How to avoid jetlag

Melatonin, water and paper bags on your feet

Words: Lee Tulloch

A few weeks ago I was making coffee and put the coffee grounds in the soap powder compartment of the washing machine, instead of into the French press. Luckily, I worked out what I had done before I turned the machine on and dyed everything a soupy brown.

Hello, Jetlag my old friend!

It’s very possible that I live in a permanent state of jetlag in which the days I am not yawning and ready for bed at 7p.m. are in fact the odd ones out. I travel frequently, but not so often as international flight crews, who are probably permanently so lagged they have time to catch up with themselves.

For me, there are weeks when I am grounded long enough for my body to get back into its regular routine, only to be jerked out of the complacency of eating breakfast at actual breakfast time by another long flight, another set of time zones, and more heavy Chinese banquets at an hour when it’s usually soundly sleeping. My body is not thanking me right now, I can tell you.

But sometimes I rather enjoy being jetlagged. It’s the perfect excuse for most anything. If I can’t recall someone’s name, or don’t finish the article I’m writing by the end of the day, or have to leave a boring party early, I put it down to jetlag. In fact, I probably won’t finish this now, because I’m still jetlagged from Istanbul.

I am making light of it, but in fact the woolly-headedness it causes is sometimes dangerous. My almost-mishap with the coffee is minor. But stepping out on the street looking the wrong way at traffic is serious and common. As is leaving vital documents or your wallet on shop counters or in taxis in the first few hours of arriving at your destination.

Sometimes I rather enjoy being jetlagged. It’s the perfect excuse for most anything.

I’m always being asked, “How do you get over jetlag?” as if I’m some kind of guru. The truth is, I don’t really know. Sometimes I get it so badly I’m knocked out for more than a week, yawning constantly and feeling as if I have a sack of potatoes tied to each foot. Other times, I skip it altogether, even when I’ve flown across three time zones.

There’s a difference between jet lag caused by your body adjusting to unnatural alterations to its circadian rhythms and being tired from a punishing trip and lots of time hanging around airports. The latter, sleep fixes. If it’s the former, then sleep at the wrong time can really screw you up.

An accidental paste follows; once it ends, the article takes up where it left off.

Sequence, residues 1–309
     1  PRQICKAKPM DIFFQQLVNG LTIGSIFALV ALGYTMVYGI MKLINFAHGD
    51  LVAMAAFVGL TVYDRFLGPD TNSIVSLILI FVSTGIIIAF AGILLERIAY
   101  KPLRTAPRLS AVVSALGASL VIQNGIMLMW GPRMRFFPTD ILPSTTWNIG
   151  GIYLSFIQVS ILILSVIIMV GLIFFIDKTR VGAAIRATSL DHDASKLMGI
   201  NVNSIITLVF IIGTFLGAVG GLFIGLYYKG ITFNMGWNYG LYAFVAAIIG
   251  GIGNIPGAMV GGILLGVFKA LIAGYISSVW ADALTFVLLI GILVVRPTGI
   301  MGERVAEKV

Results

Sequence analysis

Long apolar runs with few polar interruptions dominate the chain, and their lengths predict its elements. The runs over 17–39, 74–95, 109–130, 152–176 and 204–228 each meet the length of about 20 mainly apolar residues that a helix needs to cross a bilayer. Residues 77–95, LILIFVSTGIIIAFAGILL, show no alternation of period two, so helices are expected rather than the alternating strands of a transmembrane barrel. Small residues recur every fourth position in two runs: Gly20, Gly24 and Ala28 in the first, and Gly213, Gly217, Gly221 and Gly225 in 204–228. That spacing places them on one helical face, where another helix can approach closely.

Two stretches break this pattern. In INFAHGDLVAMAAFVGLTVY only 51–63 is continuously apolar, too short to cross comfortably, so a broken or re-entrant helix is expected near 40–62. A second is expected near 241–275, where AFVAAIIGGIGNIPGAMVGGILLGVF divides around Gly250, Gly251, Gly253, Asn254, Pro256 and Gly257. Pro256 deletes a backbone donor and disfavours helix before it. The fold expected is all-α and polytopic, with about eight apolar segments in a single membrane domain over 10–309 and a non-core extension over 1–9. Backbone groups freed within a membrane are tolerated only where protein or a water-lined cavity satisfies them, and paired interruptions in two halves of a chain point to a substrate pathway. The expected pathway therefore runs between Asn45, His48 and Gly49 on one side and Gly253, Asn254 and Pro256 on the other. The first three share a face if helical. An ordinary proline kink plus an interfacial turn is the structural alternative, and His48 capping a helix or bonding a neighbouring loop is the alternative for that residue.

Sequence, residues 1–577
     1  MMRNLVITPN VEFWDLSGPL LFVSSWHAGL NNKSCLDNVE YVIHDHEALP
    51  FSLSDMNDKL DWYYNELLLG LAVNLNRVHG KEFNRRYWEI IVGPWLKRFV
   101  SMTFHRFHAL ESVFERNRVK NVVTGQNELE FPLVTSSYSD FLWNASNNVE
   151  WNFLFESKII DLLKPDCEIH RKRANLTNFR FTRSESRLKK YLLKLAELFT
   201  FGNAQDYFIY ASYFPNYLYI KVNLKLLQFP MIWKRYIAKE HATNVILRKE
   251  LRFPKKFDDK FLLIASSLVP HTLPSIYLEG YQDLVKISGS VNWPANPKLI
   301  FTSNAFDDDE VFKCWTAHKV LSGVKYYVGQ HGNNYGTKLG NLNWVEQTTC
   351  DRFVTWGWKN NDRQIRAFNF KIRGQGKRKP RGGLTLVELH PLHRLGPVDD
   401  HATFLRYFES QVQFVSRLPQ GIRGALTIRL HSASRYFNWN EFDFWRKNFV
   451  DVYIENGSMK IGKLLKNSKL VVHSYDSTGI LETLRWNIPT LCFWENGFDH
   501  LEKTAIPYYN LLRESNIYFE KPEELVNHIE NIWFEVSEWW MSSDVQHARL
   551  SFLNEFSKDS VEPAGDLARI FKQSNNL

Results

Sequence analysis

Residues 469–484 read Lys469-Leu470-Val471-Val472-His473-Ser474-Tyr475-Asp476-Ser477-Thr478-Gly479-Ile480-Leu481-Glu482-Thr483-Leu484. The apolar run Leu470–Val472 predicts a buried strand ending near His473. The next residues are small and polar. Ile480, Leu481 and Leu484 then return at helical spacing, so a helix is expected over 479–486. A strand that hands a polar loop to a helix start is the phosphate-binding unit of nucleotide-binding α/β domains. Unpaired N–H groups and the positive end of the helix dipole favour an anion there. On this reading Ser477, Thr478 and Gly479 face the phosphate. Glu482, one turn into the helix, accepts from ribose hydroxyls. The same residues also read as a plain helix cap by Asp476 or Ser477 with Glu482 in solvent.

I’m no advocate of drugs and lots of people prefer to avoid them, but I do have to use light sleeping pills on the flight, otherwise every bump wakes me. The first time I ever flew long haul, my doctor prescribed Valium and warned me not to drink alcohol with it. Finding myself alone in the back of a 747 with the entire New Caledonian soccer team, I gratefully accepted the champagne the crew offered. It was the best sleep of my life. But I’m smart enough not to do that again.

Melatonin changed my travelling life. It’s not for everyone. It can give you lurid dreams and night sweats, although I’ve discovered that anything over about 1 mg is probably too high a dose. I take a time-release Melatonin the first couple of nights when I reach my destination and it resets my body clock pretty well. It has to be prescribed by a doctor in Australia.

Apart from that, I have no fancy tricks. I’ve heard a few doozies over the years, including the concept that wearing paper bags on your feet during the flight completely negates jetlag. I do think the time of day your flight leaves and arrives makes a big difference. Try to leave and return in the evening, rather than mornings. It’s a cross we Australians bear that so many of flights arrive back at an ungodly 6 a.m.

Plan your flight strategically. Don’t drink alcohol in the air but do drink lots of water. Eat very little and avoid rich meals at times when you’d be asleep at home. Take a long walk when you get to your destination and soak up lots of sunlight. Only nap for 30 minutes if you have to. Don’t overdo the coffee as it can be counter-productive. And don’t overstretch yourself – jetlag is like a mild illness that has to be nursed.

By all means try the paper bags.





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